Crisis

 

The first Christians had a hard time. Within 40 years of Jesus' death, Jacob, the leader of the first community, was murdered. The temple in Jerusalem, the place in the temple where they usually met, was destroyed. Peter and Paul were sentenced to death. Nero ordered his soldiers to torture and kill people who refused to worship him as a god. Yet the number of Christians continued to grow. In fact philosophy teachers found acceptable alternatives to the emperor's worship. They put together idea of Stoic philosophy, Neo-Platonism, Jewish tradition and Hellenistic cult. Unfortunately, these mixtures had one component in common that was inconsistent with the core of the gospel. As in other cults at the time, priests were supposed to possess transmissible exclusive supernatural powers . These supernatural powers became the basis for specific church legislation. From the third century onward, the authority of a few ordained men was enshrined in laws as unwavering tradition. The primacy of bishops and priests over other baptized people is colliding  with the message of Jesus of Nazareth. After all, Jesus had taught that before God all men are equal. Yet for centuries the Roman Catholic Church has clung to this pernicious structure. It has led to wars and many abuses of power. But as long as the great masses could not read or write, the church managed to cover up or justify these evils. Things changed when schooling began to develop on a large scale. Over the course of several centuries, believers learned to question bad things in the Church. Recently, the cover-up became untenable due to a series of scandals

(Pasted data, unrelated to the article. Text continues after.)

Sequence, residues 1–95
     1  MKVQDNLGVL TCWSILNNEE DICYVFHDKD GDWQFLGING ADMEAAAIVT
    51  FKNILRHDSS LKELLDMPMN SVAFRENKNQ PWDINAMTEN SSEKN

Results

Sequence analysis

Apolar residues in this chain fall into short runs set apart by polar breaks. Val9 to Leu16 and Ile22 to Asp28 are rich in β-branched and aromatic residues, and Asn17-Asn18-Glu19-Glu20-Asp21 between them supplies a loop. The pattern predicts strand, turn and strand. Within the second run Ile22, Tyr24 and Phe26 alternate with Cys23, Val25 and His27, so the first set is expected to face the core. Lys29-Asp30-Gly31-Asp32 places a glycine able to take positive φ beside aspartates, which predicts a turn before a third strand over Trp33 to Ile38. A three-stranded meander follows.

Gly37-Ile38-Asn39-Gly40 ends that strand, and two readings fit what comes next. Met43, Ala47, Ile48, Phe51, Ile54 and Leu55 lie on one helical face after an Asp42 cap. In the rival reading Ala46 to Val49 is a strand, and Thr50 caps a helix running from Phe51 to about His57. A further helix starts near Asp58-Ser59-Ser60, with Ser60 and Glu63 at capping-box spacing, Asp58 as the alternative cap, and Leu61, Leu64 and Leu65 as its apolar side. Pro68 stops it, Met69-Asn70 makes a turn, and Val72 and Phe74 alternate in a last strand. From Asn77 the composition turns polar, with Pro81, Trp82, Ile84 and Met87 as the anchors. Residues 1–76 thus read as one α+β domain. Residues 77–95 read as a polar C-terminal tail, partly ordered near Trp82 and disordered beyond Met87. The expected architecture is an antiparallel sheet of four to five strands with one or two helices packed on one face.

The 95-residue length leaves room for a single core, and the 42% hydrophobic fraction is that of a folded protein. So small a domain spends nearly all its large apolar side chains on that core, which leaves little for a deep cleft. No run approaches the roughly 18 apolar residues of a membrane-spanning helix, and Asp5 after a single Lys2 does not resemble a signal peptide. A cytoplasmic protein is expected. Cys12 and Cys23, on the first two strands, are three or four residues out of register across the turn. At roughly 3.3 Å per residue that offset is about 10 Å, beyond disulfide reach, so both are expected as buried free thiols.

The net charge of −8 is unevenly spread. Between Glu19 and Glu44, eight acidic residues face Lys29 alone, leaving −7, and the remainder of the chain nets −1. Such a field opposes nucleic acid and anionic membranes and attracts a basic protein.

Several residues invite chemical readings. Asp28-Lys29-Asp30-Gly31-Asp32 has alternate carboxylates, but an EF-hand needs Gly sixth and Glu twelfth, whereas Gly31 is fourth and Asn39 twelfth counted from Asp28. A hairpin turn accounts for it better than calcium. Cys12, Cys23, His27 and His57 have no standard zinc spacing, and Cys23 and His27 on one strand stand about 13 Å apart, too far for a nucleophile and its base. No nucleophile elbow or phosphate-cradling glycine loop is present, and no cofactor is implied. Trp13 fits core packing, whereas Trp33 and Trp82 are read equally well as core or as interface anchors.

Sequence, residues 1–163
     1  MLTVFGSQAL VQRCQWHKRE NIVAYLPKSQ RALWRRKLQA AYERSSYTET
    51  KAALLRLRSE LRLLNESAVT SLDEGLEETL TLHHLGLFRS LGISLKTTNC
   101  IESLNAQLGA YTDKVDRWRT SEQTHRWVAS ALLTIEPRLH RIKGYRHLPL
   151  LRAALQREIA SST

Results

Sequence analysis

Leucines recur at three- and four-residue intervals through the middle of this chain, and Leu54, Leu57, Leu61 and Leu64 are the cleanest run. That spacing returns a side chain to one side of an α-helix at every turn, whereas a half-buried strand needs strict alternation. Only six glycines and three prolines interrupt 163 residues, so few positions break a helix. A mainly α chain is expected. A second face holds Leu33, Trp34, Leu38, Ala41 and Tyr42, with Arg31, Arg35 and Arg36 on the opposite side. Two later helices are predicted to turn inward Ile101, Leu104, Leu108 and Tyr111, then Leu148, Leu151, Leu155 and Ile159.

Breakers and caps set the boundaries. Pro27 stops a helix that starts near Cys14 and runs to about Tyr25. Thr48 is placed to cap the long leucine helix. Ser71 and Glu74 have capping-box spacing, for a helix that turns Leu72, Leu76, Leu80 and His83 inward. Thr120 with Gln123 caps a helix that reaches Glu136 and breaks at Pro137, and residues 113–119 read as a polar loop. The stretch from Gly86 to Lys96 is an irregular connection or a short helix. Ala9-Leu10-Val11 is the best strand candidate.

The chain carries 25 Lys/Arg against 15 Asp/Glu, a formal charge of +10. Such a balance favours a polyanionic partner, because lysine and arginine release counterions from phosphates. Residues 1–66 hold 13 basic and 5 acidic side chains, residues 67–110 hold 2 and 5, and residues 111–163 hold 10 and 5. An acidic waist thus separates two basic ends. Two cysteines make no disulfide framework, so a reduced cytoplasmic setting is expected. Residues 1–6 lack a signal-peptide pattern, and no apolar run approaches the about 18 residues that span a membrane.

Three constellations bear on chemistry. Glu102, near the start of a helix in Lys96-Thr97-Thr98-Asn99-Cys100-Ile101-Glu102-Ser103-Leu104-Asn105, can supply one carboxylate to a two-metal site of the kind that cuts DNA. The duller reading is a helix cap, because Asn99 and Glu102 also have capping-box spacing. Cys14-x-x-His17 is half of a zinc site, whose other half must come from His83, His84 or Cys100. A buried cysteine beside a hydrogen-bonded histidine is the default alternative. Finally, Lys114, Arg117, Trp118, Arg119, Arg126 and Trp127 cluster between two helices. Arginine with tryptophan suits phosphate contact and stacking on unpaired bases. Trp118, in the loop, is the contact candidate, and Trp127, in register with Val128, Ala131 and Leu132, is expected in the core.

Modern media made public the widespread cover-up of child abuse by bishops. Time and again many more forms of misconduct are being exposed.  People have started asking questions that were not answered. With this, the Roman Catholic Church as an institution has entered a crisis from which a way out seems almost impossible.

 

Way out